Friday, August 04, 2006

Friday in the 17th Week of Ordinary Time (II)
Memorial of St. John Vianney – Priest
Survival and Prophecy
Readings: Jeremiah 26:1-9; Psalm 69:5, 8-10, 14; Matthew 13:54-58

In these trying times in which we live, it is easy to get caught up in the ongoing effort to meet all the demands on our time and energy. It can be so tiring trying to meet all our obligations. And yet it seems we have to keep going at breakneck speed simply to survive – to secure our place in the world. Even our religion, our Christian faith, can often become a matter of obligation and survival. As with our secular responsibilities, it seems we need also to satisfy our religious obligations in order that we may secure our place in heaven. But is this all there is to it? Is ours simply a religion of survival?

Our readings present us with another perspective. They invite reflection on prophecy. What are some of its characteristics? First, prophecy is a response to a real need. The people in the first reading worship in the Temple of the Lord without understanding. They need Jeremiah’s call to repentance. The same can be said of the people in the gospel, to whom Jesus speaks. And this word is not proclaimed at the prophet’s whim. The prophet receives it from God with the command to proclaim it. It is a divine imperative. You must speak the words I have commanded you to tell them; do not omit one syllable. Sadly, however, the prophetic ministry often provokes scorn and rejection. They would not accept him. And yet, the prophet is called to continue his God-given mission and so to win salvation not just for himself, but also for those to whom he is sent.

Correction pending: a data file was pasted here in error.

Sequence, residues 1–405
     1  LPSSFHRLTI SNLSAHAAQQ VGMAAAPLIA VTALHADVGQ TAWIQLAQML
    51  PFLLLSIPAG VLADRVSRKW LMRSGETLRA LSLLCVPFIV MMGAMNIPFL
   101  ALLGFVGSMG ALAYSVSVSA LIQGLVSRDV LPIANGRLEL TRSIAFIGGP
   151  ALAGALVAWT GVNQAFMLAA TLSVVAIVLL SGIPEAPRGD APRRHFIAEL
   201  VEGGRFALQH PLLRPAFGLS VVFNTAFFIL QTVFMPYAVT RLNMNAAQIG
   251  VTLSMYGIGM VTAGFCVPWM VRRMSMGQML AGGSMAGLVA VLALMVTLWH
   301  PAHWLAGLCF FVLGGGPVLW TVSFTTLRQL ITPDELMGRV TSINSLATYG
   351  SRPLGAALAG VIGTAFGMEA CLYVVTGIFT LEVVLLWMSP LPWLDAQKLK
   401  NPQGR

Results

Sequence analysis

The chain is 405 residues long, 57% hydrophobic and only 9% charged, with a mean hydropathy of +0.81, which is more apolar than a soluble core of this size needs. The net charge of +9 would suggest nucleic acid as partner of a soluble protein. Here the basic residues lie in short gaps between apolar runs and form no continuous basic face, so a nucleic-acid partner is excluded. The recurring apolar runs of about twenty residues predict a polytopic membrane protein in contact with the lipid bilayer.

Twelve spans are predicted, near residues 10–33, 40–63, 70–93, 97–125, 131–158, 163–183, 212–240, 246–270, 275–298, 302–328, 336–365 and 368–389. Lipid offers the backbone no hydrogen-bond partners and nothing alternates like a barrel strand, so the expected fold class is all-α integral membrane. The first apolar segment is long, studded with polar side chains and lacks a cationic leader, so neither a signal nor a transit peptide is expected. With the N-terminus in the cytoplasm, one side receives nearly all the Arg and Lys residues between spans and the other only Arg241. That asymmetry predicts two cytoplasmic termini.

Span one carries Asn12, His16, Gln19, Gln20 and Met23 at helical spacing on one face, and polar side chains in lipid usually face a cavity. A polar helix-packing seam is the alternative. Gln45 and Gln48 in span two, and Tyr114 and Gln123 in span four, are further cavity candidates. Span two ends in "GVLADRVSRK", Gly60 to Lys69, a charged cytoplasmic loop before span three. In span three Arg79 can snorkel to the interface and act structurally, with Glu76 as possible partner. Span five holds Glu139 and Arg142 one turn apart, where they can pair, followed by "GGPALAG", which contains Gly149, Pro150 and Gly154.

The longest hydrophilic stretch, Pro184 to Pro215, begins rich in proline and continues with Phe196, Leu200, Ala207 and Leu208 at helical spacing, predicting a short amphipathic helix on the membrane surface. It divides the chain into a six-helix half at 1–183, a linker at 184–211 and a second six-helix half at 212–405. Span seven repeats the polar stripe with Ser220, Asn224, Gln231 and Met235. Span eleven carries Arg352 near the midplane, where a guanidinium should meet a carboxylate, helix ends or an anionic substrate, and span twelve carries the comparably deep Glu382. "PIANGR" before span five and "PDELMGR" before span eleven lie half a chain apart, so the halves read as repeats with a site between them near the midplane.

Are the times in which we live any different from those of Jeremiah and Jesus? Clearly, the voice of the prophet is needed now, perhaps more than ever. But who are the prophets of our day? The natural reaction of many to this question is perhaps immediately to look around at others. And yet, is every Christian not called to be a prophet in his or her own unique way? Is each of us not part of a Church that is called to be a prophetic sign to the world? If so, then we need somehow to move beyond our religion of survival towards one of prophecy. Even as we go through the daily grind, we need somehow to find the time and space for God’s word to address us and impel us. Ironically, the survival of our world -- as much as our own -- depends upon it...

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